My Lords, I thank the noble Baroness for her comments. I am sure that my noble friend Lord Plummer will have heard her observations on the borough. On the question of the best consideration, it would have been extremely difficult to find a convincing and watertight case which would have justified not selling the County Hall site as it was sold.

Baroness Hollis of Heigham

My Lords, following the shambles of the Shirayama deal, will the Minister now agree at least to set up a committee of inquiry to examine the future, as the noble Lord, Lord Plummer, so rightly said, of one of London's most important buildings? Can an acceptable scheme be commercially viable after two such schemes have now collapsed? Should, instead, the building be used for higher education, as the noble Lord, Lord Beloff, suggested, or should it instead become a home for the dozen or so London-wide quangos that replaced the GLC together with the many voluntary and charitable bodies which are looking for a home in London? There are very many options which would bring the building back into public use. Will the Minister now agree to a committee of inquiry to consider them?

Lord Inglewood

My Lords, the important point which I think the noble Baroness has overlooked is that the building does not actually belong to the Government. The building is owned by Shirayama, which is entitled to own the building. It is entitled to occupy and carry on activities in that building in accordance with listed building consent and planning permission; there is no evidence to suppose that there have been any problems. In the circumstances, it is rather difficult to see how the kind of proposals being advocated by the noble Baroness could be properly implemented.

Lord Mellish

My Lords, is the Minister aware that this is a particular site? It is not just another site. This is County Hall, which is revered and loved by many Londoners. Is it not a fact that this building ought to be a symbol of local government and all that it represents? It does not matter which party is in power. Surely against that background for the Minister to get up and talk the way he has and waffle the way he has is of no consequence at all.

Lord Inglewood

My Lords, the planning permission which I understand Shirayama is currently proposing to implement was granted by the London Borough of Lambeth. It was preceded by another planning permission which was granted by the Secretary of State after two inquiries. That was upheld following an action in the High Court. That is the legal position. Any British citizen who owns a building and has planning permission for it—and not only British citizens but anyone within the realm of Britain—is entitled to implement it.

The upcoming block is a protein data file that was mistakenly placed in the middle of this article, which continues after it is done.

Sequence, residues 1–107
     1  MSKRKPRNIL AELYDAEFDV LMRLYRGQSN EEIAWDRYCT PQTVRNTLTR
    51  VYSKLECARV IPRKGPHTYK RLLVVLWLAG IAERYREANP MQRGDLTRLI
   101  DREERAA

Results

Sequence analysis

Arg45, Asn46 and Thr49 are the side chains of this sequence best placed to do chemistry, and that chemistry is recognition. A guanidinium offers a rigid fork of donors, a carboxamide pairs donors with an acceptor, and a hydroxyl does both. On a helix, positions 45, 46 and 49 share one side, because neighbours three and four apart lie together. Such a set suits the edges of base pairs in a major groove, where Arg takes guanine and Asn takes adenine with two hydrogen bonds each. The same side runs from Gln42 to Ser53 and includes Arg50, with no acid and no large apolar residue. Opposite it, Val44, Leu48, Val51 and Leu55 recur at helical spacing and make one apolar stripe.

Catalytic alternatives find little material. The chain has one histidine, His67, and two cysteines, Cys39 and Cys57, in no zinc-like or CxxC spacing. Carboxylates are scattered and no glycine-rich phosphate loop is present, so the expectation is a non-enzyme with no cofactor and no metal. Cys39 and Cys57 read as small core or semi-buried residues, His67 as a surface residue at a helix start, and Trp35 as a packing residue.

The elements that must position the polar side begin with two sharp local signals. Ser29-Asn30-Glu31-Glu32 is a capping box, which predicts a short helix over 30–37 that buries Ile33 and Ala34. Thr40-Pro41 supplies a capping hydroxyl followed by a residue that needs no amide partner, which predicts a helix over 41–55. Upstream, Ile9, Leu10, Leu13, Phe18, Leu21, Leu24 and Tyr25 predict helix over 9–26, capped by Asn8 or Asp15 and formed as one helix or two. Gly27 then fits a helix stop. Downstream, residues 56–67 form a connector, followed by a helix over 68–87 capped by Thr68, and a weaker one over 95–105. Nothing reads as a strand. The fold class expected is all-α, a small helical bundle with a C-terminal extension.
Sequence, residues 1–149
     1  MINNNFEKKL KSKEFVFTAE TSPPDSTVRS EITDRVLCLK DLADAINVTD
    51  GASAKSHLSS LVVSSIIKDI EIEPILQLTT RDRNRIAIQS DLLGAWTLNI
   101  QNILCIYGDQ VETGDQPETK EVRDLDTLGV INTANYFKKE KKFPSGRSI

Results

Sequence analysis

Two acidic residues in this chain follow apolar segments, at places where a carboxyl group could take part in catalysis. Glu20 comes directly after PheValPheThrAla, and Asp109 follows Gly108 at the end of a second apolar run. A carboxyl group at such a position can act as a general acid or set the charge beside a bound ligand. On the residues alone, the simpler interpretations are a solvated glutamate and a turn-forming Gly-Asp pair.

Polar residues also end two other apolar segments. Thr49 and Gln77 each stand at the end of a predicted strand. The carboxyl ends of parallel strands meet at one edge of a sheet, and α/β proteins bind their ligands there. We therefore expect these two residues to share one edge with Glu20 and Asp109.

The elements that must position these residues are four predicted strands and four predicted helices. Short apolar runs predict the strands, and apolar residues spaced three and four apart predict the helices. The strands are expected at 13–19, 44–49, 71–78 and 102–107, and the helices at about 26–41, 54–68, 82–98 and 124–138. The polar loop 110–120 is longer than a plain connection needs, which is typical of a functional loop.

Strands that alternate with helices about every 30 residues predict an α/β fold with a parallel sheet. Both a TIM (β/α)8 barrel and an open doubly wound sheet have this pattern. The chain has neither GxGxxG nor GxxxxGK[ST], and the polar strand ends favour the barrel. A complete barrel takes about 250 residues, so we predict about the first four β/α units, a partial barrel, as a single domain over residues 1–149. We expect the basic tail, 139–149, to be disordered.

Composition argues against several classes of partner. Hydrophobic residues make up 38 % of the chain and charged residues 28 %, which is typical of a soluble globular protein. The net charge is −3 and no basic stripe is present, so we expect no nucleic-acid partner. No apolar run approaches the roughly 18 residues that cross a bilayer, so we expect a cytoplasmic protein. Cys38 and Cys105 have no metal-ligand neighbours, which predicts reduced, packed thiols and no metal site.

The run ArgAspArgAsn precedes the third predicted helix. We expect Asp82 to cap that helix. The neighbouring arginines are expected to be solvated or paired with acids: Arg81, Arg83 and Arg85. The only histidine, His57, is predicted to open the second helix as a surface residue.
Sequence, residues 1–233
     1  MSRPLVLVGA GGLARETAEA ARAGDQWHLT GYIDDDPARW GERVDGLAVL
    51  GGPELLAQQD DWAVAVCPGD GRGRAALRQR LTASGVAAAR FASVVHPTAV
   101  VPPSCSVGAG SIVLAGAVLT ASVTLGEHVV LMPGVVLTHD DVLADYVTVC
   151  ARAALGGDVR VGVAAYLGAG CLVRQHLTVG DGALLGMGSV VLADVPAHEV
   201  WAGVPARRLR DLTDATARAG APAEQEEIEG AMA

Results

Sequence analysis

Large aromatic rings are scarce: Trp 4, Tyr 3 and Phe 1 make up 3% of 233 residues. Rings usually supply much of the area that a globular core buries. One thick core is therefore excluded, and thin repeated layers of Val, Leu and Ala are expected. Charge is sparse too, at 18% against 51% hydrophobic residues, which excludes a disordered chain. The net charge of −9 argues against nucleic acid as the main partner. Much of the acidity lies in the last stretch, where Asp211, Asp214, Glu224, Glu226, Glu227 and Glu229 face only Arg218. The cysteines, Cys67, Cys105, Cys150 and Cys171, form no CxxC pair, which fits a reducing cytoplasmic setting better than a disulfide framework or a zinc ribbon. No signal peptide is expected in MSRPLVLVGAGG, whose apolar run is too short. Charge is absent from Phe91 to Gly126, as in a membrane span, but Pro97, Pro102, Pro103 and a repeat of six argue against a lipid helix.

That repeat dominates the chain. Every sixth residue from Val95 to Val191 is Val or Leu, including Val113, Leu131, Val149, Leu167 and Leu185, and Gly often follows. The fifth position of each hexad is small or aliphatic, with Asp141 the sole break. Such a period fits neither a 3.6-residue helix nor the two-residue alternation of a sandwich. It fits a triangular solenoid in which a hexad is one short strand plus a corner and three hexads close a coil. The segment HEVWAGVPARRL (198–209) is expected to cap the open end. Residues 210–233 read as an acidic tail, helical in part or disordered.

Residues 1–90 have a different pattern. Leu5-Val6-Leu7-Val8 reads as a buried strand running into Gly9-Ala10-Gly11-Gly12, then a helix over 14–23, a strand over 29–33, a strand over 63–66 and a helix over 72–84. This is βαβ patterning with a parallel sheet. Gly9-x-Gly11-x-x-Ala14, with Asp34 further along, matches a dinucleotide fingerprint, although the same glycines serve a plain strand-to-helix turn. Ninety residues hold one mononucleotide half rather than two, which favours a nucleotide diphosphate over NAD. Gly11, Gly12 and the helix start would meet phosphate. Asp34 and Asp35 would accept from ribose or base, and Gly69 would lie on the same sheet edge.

Lord Molloy

My Lords, is the noble Lord aware that many people believe that the GLC was destroyed because of the audacity of the overwhelming majority of Londoners to remain constantly loyal to the Labour Party and always vote Labour, which I can well understand was not liked by the Conservative Party? The Conservatives could never defeat Labour so they thought that they would get rid of the Greater London Council hall. Is the Minister further aware that many London authorities of all political persuasions believe that there ought to be somewhere where they can meet, if only for a few times a year, to discuss problems which affect them all? Will the Government consider that plea and save perhaps a small part of this famous hall for that very worthwhile purpose?

Lord Inglewood

My Lords, we on these Benches understand all the noble Lord's comments about people's feelings. Nonetheless, it was Parliament that ended the GLC—

Noble Lords

It was a government Bill!

Lord Inglewood

My Lords, it was a government Bill but it was Parliament that ended the GLC. Therefore, it is for Parliament to put it back if it wishes to do so.

Lord McIntosh of Haringey

My Lords, I do not think the Minister should rely on Parliament in that way. After all, the same example applies to the poll tax and to the privatisation of the railways. However, is it not the case that the financial consideration to which the Minister referred as being the prime concern of the London Residuary Body has patently not worked and that after all these years we have a building which is still not occupied, and does not seem likely to be occupied, by its legal owners? Under those circumstances, is it not proper for the Minister to reconsider not only the rights but the obligations of those who have bought the building?

Lord Inglewood

My Lords, the noble Lord seems to have a much clearer idea of the intentions and activities of the owners of the building than almost anyone else in the capital city. If he can advise us on that, no doubt we shall be interested to hear from him. However, at the same time—I go back to my earlier point—we are in the position that the building is occupied legally and the activity that is being carried on inside it is being carried on entirely within the law.

Lord Sefton of Garston

My Lords, does the Minister agree that in retrospect perhaps it would have been much better not to have sold the building but to have used it to house government offices rather than pay £100 million more for the monstrosity at Vauxhall Cross in order to house MI5?

Lord Inglewood

My Lords, as far as I know, no suggestion was put to the London Residuary Body that County Hall should be used for office purposes and no offer was made.